How does an embryo attach to the uterus? It's a question I'm sure you've asked yourself. Well, maybe not, but it's information that may prove useful in studying and remedying infertility, as well as early pregnancy loss, and a life-threatening pregnancy complication called preeclampsia.
It all happens about six days after fertilization. At this point, the embryo is about the same size as the egg; however, it consists of approximately one hundred dividing cells. As it was passing through the oviduct into the uterus it was enclosed by a membrane called the zona pellucida, which prevents the embryo from implanting itself. When the membrane does shed, however, it reveals a surface of cells coated with a protein that sticks to cells lining the uterine wall.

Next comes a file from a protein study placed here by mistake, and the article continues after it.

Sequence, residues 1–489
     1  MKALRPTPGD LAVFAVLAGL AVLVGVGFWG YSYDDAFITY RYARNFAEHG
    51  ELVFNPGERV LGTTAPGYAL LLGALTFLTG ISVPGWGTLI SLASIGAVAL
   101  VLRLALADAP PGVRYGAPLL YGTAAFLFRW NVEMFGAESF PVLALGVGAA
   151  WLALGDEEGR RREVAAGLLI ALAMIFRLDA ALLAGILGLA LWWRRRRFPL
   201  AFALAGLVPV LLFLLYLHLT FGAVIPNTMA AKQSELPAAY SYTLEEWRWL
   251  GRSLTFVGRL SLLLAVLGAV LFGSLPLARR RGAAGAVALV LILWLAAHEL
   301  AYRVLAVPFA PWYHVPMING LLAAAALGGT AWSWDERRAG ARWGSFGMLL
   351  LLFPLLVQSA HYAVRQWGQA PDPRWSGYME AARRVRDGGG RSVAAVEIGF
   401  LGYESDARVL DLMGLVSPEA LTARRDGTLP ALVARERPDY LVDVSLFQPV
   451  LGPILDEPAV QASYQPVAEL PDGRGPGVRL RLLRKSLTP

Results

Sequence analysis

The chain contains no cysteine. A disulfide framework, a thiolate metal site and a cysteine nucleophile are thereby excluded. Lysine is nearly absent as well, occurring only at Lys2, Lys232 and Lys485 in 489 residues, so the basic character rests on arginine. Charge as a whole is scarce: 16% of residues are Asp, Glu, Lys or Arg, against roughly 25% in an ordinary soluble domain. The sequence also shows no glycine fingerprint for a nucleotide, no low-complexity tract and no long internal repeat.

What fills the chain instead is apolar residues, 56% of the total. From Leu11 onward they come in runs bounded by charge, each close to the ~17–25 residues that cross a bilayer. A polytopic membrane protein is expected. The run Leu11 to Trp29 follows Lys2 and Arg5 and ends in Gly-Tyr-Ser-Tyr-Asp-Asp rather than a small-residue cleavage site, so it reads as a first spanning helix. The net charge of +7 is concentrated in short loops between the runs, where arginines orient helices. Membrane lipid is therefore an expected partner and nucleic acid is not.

The embryo's sticking to the uterine wall happens gradually, something like a tennis ball rolling over a tabletop covered in syrup. The stickiness slows the embryo down until it eventually comes to a stop. Once the embryo stops moving, its surface cells, which will eventually become part of the placenta, send out finger-like extensions into the tissue of the uterine wall. They tap into the maternal blood supply there and construct a kind of pipeline through which the embryo takes nutrients and oxygen from the mother and in return gives her its carbon dioxide and waste material.
Sound like one too many horror or science fiction films you've seen? Well, if you want a baby, this is one of many essential steps to getting one.